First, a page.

Synopses & Reviews
The bestselling author of Cod, Salt, and The Big Oyster has enthralled readers with his incisive blend of culinary, cultural, and social history. Now, in his most colorful, personal, and important book to date, Mark Kurlansky turns his attention to a disappearing way of life: fishing-how it has thrived in and defined one particular town for centuries, and what its imperiled future means for the rest of the world.
The culture of fishing is vanishing, and consequently, coastal societies are changing in unprecedented ways. The once thriving fishing communities of Rockport, Nantucket, Newport, Mystic, and many other coastal towns from Newfoundland to Florida and along the West Coast have been forced to abandon their roots and become tourist destinations instead. Gloucester, Massachusetts, however, is a rare survivor. The livelihood of America's oldest fishing port has always been rooted in the life and culture of commercial fishing.
The Gloucester story began in 1004 with the arrival of the Vikings. Six hundred years later, Captain John Smith championed the bountiful waters off the coast of Gloucester, convincing new settlers to come to the area and start a new way of life. Gloucester became the most productive fishery in New England, its people prospering from the seemingly endless supply of cod and halibut. With the introduction of a faster fishing boat-the schooner-the industry flourished. In the twentieth century, the arrival of Portuguese, Jews, and Sicilians turned the bustling center into a melting pot. Artists and writers such as Edward Hopper, Winslow Homer, and T. S. Eliot came to the fishing town and found inspiration.
But the vital life of Gloucester was beingthreatened. Ominous signs were seen with the development of engine-powered net-dragging vessels in the first decade of the twentieth century. As early as 1911, Gloucester fishermen warned of the dire consequences of this new technology. Since then, these vessels have become even larger and more efficient, and today the resulting overfishing, along with climate change and pollution, portends the extinction of the very species that fishermen depend on to survive, and of a way of life special not only to Gloucester but to coastal cities all over the world. And yet, according to Kurlansky, it doesn't have to be this way. Scientists, government regulators, and fishermen are trying to work out complex formulas to keep fishing alive.
Engagingly written and filled with rich history, delicious anecdotes, colorful characters, and local recipes, The Last Fish Tale is Kurlansky's most urgent story, a heartfelt tribute to what he calls socio-diversity and a lament that each culture, each way of life that vanishes, diminishes the richness of civilization.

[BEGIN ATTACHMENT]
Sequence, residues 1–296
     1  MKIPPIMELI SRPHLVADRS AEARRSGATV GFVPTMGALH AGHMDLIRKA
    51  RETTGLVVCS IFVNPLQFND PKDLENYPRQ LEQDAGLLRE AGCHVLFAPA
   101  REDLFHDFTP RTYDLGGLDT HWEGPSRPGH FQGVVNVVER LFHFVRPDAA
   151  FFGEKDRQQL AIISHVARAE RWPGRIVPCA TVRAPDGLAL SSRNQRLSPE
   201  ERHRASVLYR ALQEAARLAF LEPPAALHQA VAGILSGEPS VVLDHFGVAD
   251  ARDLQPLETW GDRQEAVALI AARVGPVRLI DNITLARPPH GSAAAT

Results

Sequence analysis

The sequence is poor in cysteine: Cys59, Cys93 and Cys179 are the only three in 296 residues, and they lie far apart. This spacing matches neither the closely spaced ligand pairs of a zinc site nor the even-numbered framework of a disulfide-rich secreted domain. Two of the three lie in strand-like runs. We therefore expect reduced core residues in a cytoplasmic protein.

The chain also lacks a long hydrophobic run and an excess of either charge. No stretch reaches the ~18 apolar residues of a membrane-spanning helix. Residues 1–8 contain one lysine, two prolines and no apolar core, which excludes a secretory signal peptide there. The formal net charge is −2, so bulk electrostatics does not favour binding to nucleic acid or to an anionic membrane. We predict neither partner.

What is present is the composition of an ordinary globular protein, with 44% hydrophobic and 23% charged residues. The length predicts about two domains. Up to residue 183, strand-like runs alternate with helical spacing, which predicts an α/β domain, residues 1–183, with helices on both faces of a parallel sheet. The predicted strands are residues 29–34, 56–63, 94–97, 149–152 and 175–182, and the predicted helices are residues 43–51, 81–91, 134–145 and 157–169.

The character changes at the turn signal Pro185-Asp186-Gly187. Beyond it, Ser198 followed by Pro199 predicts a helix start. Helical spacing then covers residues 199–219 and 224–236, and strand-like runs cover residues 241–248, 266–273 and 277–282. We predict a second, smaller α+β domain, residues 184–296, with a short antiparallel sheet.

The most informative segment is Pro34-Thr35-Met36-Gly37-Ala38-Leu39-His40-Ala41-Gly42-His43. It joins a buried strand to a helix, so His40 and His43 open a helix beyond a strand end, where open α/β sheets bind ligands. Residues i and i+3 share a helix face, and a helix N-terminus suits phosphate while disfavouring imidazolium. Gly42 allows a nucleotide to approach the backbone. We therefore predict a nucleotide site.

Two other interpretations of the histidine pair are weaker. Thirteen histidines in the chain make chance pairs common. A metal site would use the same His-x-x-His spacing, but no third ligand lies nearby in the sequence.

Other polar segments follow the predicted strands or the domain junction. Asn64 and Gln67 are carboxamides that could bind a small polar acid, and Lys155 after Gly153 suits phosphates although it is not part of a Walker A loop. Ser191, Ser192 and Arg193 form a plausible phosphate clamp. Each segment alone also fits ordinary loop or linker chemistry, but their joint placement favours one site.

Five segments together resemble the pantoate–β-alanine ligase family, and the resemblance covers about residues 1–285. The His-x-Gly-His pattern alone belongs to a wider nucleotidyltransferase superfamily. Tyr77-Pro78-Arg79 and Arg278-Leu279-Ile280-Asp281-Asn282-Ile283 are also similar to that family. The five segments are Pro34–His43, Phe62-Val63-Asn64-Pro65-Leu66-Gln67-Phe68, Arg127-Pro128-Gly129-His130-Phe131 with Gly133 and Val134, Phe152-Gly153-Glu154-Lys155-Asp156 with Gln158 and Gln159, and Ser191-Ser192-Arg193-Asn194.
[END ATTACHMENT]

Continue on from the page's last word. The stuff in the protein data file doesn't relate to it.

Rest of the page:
From the "New York Times"-bestselling author of "Cod, Salt," and "The Big Oyster" comes the colorful story of a way of life that for hundreds of years has defined much of America's coastlines but is slowly disappearing. Illustrated.
"A marvelous, compelling tale"(Rocky Mountain News) from the New York Times bestselling author of Salt and Cod.
Gloucester, Massachusetts, America's oldest fishing port, is defined by the culture of commercial fishing. But the threat of over-fishing, combined with climate change and pollution, is endangering a way of life, not only in Gloucester but in coastal cities all over the world. And yet, according to Kurlansky, it doesn't have to be this way. Engagingly written and filled with rich history, delicious anecdotes, colorful characters, and local recipes, The Last Fish Tale is Kurlansky's most urgent story, "an engrossing multi-layered portrait of a fishing community that can be read for pure pleasure as well as being a campaigning plea for the environment" (Financial Times).
Can a song change a nation? In 1964, Marvin Gaye, record producer William andldquo;Mickeyandrdquo; Stevenson, and Motown songwriter Ivy Jo Hunter wrote andldquo;Dancing in the Street.andrdquo; The song was recorded at Motownandrsquo;s Hitsville USA Studio by Martha and the Vandellas, with lead singer Martha Reeves arranging her own vocals. Released on July 31, the song was supposed to be an upbeat dance recordingandmdash;a precursor to disco, and a song about the joyousness of dance. But events overtook it, and the song became one of the icons of American pop culture.and#160;The Beatles had landed in the U.S. in early 1964. By the summer, the sixties were in full swing. The summer of 1964 was the Mississippi Freedom Summer, the Berkeley Free Speech Movement, the beginning of the Vietnam War, the passage of the Civil Rights Act, and the lead-up to a dramatic election. As the country grew more radicalized in those few months, andldquo;Dancing in the Streetandrdquo; gained currency as an activist anthem. The song took on new meanings, multiple meanings, for many different groups that were all changing as the country changed.and#160;Told by the writer who is legendary for finding the big story in unlikely places, Ready for a Brand New Beat chronicles that extraordinary summer of 1964 and showcases the momentous role that a simple song about dancing played in history.
About the Author
Mark Kurlansky is the New York Times bestselling author of many books, including The Food of a Younger Land, Cod: A Biography of the Fish That Changed the World; Salt: A World History; 1968: The Year That Rocked the World; and The Big Oyster: History on the Half Shell. He lives in New York City.